When I began my first parish youth ministry job, the office I inherited had a plant.
Other than finding a place for it on the shelf, I can’t say I ever gave this plant a second thought. Luckily for the plant, our parish had a wonderful volunteer who came through the Church to water all our plants… and she quickly realized that this plant in my office was going to need her care and attention.
One afternoon, as my plant was apparently looking particularly sad (I hadn’t noticed), she quipped to me “Mike, you don’t deserve to have plants!” It should be no surprise, then, that most of the gardening and plant care at my home falls under the purview of my wonderful wife.
Not only does she care for our indoor plants, but she has embraced the work of gardening outside as well: planting flowers, pruning bushes, weeding, and maintaining a garden.
My part has been largely been limited to the care of our lawn: initially just mowing it, but more recently (as my wife has shown me how), I’ve begun to do battle against the dandelions and thistle which seem to spread each year in our front and back yard.
It’s been a steep learning curve for a guy who probably still doesn’t deserve to have plants. I’ve learned that the dandelions have to be dug up before they go to seed and create a dozen more plants, and that the thistle needs to be attacked more directly.
I’ve seen how deep the roots on these weeds can go and how, unchecked, dandelions and thistle multiply at an incredible rate of speed. In both cases, if you aren’t deliberate and diligent – if you don’t get rid of the whole plant and root – the weed comes back, and quite often it’s bigger.
I’ve also come to realize that when you pull a weed, you need to make a point of reseeding the empty spaces and overseeding the entire lawn because it’s much harder for weeds to take root in the midst of a healthy lawn … but getting there has been a ongoing, slow process which is taking years to accomplish.
My annual battle against lawn weeds makes me think of the Jesus’ farming parables: about sowers, mustard seeds, vineyards, weeds and wheat, etc, I’ve come to realize that what’s true of my lawn is also true of my spiritual life. Both need this deliberate, constant care. Both need to have some things weeded out – in the case of my soul, the thistle and dandelions are my sin and selfishness… and these, too, can have roots that are far deeper and longer than I ever imagined.
First of all, there are parts of our souls we can neglect, much like a spot next to the shed or under the deck where weeds start to grow. It might be some small sin – some minor pride, lingering in a moment of lust, or an unnecessary overindulgence.
Left unchecked, this small sin can multiply and spread and turn into something much more insidious. For this reason, it is a tradition in the Church to take the time to examine one’s conscience at the end of each day; so that we can come to recognize these spots of danger.
Secondly, when we discover these weeds of sin growing in our lives, we are responsible to do what we can to get rid of them. Christ calls us to the Sacrament of Reconciliation for precisely that purpose.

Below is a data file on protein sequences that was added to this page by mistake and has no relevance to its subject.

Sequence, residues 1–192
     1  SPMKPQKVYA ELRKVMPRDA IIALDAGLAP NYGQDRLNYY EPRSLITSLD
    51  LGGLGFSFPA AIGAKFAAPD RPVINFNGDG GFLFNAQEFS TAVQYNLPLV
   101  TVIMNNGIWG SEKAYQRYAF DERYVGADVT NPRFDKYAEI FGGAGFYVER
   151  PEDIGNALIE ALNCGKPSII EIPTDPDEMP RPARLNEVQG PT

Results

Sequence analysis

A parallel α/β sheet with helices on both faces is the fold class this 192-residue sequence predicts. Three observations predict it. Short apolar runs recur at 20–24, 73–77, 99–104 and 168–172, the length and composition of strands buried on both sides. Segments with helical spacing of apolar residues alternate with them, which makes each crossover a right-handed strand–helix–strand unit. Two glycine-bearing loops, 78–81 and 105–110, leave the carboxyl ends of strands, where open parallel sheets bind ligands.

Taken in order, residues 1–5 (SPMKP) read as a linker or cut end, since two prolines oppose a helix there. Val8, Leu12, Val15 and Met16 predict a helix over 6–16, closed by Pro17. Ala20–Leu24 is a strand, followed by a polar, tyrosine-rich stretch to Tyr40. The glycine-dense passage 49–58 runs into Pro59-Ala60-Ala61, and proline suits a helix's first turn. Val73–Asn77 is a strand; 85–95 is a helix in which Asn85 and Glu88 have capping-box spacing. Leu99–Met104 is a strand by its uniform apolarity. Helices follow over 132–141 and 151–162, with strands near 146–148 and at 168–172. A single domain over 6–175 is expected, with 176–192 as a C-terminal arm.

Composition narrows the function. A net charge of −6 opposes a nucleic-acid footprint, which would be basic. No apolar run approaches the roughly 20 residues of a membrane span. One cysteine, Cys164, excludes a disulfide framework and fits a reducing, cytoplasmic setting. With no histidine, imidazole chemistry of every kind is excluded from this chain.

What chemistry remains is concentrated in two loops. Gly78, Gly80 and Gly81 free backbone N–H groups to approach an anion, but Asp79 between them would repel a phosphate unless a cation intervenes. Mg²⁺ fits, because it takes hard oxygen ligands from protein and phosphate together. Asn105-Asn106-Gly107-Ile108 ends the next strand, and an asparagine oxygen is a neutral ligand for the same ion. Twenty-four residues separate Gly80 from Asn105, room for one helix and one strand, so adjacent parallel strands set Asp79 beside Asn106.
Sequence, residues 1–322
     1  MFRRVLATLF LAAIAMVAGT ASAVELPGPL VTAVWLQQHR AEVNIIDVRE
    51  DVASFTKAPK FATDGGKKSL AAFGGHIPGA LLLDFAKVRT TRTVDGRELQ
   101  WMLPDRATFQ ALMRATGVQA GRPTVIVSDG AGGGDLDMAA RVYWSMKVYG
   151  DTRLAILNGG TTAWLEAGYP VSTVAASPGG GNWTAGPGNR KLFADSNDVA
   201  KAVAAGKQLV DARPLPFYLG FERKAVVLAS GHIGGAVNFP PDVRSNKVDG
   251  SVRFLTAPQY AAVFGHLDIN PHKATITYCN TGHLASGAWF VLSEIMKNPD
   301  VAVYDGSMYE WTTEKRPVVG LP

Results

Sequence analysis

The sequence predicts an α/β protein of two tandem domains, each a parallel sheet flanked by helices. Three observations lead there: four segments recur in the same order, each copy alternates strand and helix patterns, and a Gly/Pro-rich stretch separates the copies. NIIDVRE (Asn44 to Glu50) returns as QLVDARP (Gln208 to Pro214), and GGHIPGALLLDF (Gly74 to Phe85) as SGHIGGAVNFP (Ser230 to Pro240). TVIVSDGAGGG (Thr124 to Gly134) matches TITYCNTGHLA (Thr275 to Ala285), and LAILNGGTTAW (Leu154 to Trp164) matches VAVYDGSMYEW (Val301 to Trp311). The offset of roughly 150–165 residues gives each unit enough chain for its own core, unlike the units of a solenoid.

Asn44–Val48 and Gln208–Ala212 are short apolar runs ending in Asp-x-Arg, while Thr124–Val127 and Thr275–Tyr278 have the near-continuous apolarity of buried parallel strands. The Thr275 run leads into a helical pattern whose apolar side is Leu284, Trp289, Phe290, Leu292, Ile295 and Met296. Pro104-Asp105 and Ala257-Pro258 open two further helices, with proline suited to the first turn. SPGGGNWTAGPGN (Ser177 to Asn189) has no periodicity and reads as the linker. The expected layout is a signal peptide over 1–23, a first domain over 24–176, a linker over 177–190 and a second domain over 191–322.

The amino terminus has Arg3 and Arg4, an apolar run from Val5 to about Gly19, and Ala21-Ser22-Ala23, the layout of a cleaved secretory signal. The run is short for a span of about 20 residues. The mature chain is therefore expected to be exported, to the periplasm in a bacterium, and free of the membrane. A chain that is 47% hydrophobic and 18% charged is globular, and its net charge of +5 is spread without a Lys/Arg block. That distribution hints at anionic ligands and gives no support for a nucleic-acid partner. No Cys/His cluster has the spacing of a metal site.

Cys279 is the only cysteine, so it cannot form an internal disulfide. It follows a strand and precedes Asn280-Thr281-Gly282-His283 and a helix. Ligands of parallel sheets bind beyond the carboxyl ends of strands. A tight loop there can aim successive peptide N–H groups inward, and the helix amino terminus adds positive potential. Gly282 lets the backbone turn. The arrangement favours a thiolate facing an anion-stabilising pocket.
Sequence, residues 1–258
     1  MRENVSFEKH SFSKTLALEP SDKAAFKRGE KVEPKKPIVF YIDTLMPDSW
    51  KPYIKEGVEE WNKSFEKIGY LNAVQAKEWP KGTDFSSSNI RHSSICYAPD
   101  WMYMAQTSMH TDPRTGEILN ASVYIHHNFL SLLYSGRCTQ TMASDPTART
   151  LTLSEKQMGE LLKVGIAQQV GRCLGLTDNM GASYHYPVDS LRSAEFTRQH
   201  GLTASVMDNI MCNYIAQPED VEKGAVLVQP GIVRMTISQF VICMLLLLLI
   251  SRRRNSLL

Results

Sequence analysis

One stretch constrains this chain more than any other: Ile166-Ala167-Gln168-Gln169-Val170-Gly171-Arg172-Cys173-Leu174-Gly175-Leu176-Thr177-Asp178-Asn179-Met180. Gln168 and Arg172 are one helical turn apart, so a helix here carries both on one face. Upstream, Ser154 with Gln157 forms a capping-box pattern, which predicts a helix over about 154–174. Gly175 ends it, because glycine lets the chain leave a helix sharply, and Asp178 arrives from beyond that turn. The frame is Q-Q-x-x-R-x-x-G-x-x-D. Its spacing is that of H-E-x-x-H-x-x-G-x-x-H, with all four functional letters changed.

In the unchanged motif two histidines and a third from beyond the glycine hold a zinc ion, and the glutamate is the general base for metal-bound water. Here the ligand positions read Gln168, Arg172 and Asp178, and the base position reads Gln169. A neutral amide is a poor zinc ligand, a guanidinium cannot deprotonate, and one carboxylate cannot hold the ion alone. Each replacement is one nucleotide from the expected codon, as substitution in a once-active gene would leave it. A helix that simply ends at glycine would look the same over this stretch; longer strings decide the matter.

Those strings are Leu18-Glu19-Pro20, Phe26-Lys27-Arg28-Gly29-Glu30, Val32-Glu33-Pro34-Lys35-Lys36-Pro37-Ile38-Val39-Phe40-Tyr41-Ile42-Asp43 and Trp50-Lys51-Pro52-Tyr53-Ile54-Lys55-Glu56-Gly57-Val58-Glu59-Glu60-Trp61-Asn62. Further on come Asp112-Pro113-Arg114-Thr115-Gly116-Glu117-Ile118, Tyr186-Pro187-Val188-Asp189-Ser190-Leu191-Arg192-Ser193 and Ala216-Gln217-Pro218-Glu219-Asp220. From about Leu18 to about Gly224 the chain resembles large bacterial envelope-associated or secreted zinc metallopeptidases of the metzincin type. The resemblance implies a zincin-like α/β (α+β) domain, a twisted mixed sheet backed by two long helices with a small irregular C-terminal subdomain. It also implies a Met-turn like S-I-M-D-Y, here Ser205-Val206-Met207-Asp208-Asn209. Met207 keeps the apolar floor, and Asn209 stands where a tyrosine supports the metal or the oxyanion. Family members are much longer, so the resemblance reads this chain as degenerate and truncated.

The truth is, though, that sometimes the roots take a little more work. We sometimes hear the word “concupiscence” as a description of our desire to sin… this is the root that sometimes takes more than one pass to properly address. But the Lord is a diligent gardener and, provided we’re willing to cooperate with Him, He’ll help us dig up the roots of sin in our lives by the sacraments. This work is often supported by prayer, spiritual direction, and accountability found within the greater Christian community.
Third, like my lawn, my soul also needs to be re-seeded and fertilized in order to flourish. This is why we need to live a life of regular Sacraments – Mass and Confession in particular – why we need to pray and spend time in scripture, and why we need to dedicate ourselves in the loving service of others.
Finally, I’m finding that this work of weeding my soul is like the work of weeding my lawn in that it’s a slow process, and there are days where it feels like I haven’t gone very far (that is, until I see pictures of how the lawn looked a few years ago.) While we are still battling against weeds outside, we are dealing with a lot less than we first undertook this battle.
Your soul will grow in the same way – from shoot into a great tree – not by leaps and bounds, but slowly and deliberately. The strongest plants do over a long period of time what my dandelions seem to do in the blink of an eye: they set down long, thick roots in order to survive whatever I or nature might throw at them.
And much of that process happens underground (out of sight). So don’t be discouraged that you aren’t becoming a saint as quickly as you might like – and don’t be discouraged that you’ve still got work to do, weeding sin and selfishness out of your life. Just move forward – ever forward – and be amazed at what God can do with the garden of your soul.
– Mike Landry is the chaplain for Evergreen Catholic Schools. He is based in Spruce Grove, Alberta.